#StemYourself with our Tech Talks

Published on Tuesday, 21 December 2021

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Tech Talks with Raffaella Ida Rumiati

The first session of Tech Talks 2021 took place on December 10 and featured Raffaella Ida Rumiati, Professor of Cognitive Neuroscience at SISSA (the International School for Advanced Studies) in Trieste. She talked in a live stream with students and teachers from 11 high schools from all over Italy.

Carlo Bozzoli, Head of Global Digital Solutions, kicked off the event by talking about the importance of diversity and inclusion as crucial elements within modern business models. “Countless studies highlight how companies with a diverse workforce perform better,” diversity intended not just in terms of gender but also “ethnic, social, and cultural, which are determining factors in meeting the needs of clients.”

The opening remarks were followed by a speech by Raffaella Ida Rumiati, who began by presenting data and statistics on the problem of the gender gap in the STEM field in Italy starting in school. The 2018 survey conducted by PISA (Programme for International Student Assessment) on 15-year-old students reveals that Italy is second only to Colombia when it comes to the gender gap in math. This disparity in terms of the male-to-female ratio in STEM subjects is also confirmed by the data provided by Invalsi 2021: the study shows that there is a significant difference in favor of male students in the tests conducted in both primary schools and eighth grades; it is particularly marked in technical institutes and less so in high schools and vocational schools.

The most alarming piece of data, however, concerns universities. In this case, the gender gap in the so-called career path between men and women is even more evident. Despite the fact that more women enroll at universities, women professors are clearly outnumbered by men: they represent only 25% of the faculty. This difference is even more stark when we take into consideration only the STEM departments, starting from the first levels of teaching assistants and researchers, and it keeps on increasing in the positions for associate and tenured professors.

But, according to Rumiati, this gender gap isn’t a universal condition. “Several studies indicate the gender gap is considerably smaller in Scandinavian countries and, generally speaking, in countries with a higher level of emancipation for women in the economic, legal, and healthcare spheres, and it basically disappears in Iceland.” It is therefore crucial not to take this data for granted, because “our education and work trajectories are still influenced by the socio-economic context surrounding us.” We must therefore advance the cultural battle to eliminate gender stereotypes and promote the journey of women in STEM, also through economic and welfare measures. This would also have a positive impact in reducing the wage gap between men and women, since STEM careers are the best paid jobs on the market.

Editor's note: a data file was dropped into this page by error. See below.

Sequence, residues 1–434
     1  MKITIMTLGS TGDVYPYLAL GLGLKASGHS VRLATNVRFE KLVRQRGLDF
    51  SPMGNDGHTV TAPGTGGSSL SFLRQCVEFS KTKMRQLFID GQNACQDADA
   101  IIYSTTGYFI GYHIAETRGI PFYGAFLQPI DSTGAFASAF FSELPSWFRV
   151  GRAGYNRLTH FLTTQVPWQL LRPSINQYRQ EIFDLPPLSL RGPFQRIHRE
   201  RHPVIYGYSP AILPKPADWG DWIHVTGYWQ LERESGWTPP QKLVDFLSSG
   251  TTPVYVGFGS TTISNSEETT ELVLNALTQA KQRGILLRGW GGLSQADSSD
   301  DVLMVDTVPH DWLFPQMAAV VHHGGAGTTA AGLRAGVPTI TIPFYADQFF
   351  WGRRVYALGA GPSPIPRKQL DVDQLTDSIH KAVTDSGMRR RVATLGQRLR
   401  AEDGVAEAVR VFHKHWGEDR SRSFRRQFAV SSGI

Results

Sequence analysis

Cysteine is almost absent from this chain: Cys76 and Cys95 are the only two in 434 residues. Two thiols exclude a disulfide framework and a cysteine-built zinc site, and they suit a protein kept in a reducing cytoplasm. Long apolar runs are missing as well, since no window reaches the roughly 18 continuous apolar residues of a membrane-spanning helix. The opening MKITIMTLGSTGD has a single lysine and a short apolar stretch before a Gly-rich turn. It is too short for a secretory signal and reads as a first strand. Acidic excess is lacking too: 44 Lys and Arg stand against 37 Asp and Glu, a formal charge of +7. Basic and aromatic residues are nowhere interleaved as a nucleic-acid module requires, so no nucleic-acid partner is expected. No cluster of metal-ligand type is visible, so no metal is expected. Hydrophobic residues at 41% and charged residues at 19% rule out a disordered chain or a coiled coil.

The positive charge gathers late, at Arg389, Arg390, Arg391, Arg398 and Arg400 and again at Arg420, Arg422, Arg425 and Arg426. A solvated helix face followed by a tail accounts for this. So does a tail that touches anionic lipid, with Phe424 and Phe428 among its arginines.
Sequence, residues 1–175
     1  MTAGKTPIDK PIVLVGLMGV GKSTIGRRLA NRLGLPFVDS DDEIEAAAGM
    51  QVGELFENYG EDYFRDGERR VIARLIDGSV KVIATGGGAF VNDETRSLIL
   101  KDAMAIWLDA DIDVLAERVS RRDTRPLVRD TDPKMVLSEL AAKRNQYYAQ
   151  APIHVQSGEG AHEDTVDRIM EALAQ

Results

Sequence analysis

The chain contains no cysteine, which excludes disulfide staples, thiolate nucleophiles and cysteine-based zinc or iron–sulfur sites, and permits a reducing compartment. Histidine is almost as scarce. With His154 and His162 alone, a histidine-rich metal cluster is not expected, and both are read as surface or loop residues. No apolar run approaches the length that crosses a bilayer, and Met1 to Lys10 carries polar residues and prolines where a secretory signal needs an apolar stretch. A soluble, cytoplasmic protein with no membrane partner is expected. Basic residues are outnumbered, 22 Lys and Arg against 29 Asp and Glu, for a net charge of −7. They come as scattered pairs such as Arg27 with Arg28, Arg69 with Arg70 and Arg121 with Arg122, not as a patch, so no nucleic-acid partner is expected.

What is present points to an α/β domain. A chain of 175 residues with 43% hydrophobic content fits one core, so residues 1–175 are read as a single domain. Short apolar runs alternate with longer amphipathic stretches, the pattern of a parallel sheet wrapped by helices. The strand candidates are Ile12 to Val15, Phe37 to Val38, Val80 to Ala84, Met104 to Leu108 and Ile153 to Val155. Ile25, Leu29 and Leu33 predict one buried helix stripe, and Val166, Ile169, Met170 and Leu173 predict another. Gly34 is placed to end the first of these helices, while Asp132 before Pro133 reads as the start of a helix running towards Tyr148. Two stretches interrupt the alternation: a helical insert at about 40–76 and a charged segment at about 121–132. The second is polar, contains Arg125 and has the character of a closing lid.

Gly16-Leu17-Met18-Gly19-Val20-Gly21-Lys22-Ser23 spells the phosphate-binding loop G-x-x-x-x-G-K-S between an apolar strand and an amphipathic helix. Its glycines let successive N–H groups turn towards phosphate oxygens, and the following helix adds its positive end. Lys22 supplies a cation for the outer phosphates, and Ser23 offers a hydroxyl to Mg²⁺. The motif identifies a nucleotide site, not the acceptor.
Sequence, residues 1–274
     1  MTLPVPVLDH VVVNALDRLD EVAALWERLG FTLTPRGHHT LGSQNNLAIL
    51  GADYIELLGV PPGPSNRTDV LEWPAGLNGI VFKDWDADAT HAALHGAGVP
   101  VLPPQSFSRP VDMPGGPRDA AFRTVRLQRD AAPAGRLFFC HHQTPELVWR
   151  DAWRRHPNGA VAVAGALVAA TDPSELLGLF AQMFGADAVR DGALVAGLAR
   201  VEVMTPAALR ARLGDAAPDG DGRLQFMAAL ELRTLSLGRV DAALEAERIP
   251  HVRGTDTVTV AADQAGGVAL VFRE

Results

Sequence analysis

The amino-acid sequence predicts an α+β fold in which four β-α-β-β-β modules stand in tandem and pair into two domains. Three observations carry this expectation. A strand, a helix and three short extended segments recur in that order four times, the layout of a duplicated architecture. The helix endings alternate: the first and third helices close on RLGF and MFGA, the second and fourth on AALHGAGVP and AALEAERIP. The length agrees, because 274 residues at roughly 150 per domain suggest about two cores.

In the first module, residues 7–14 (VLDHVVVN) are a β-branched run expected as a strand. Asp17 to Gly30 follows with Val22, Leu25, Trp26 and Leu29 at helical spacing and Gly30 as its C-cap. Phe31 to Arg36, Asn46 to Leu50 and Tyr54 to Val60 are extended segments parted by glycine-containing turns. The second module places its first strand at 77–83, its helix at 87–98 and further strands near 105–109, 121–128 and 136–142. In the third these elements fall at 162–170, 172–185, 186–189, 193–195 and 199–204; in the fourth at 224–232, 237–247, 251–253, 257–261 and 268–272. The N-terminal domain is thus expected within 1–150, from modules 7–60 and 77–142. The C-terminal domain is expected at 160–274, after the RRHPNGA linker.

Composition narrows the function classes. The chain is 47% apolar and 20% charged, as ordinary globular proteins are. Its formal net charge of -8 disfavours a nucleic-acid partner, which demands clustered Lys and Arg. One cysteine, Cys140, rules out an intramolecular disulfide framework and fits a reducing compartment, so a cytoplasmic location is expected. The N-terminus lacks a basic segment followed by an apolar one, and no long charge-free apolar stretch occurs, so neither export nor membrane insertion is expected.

Watch the video from the first session of Tech Talks 2021

Listen to the Enel Radio podcast with Raffaella Ida Rumiati

 

Tech Talks with Filomena Floriana Ferrara

The second session of Tech Talks 2021, which took place on December 16, featured Filomena Floriana Ferrara, Corporate Social Responsibility Country Manager at IBM.

Her speech followed the introductory remarks made by Raffaele Cirullo, Head of the Digital Hub at Enel X, who talked about the journey of the company, which now operates in over 20 countries. “As Enel X, we aim to support clients in the decarbonization of their consumption. In 2040, the global production of renewable and clean energy will be four times greater than now, and we are global leaders at the forefront of this transition.”

Filomena Floriana Ferrara then began her speech by talking to all the girls and boys about her personal experience. After growing up in Taranto with a form of dyslexia that affected her reading and writing skills, she decided to cultivate her talent for math and pursue an academic journey in computer science, which she then continued in college. After graduating, Ferrara then began a brilliant career, first as a researcher at Italy’s National Research Council, then at IBM, where she worked for 27 years and registered 21 patents. “I consider myself a lucky woman,” she said, “because I was able to build my career despite the obstacles.”

She then invited students to follow their STEM vocation, telling them how computer scientists are comparable to artists. “A computer scientist uses programming languages like colors, the keyboard like paintbrushes, and the monitor like a canvas. In doing so we design the future, which consists of technologies and algorithms that improve our lives. Think about how this pandemic would have unfolded if we didn’t have the technologies we dispose of nowadays.”

STEM subjects are crucial in shaping an innovative and sustainable future. They need creative and passionate people like women, who are too often victims of prejudice, and we have to do everything we can to eradicate this. “The public and private sectors are partnering to incentivize STEM subjects in Italy. Girls need to rid themselves of the stereotypes regarding computer science, and to them I say one thing: you are capable of anything,” Ferrara said in conclusion.

Watch the video from the second session of Tech Talks 2021

Listen to the Enel Radio podcast with Filomena Floriana Ferrara

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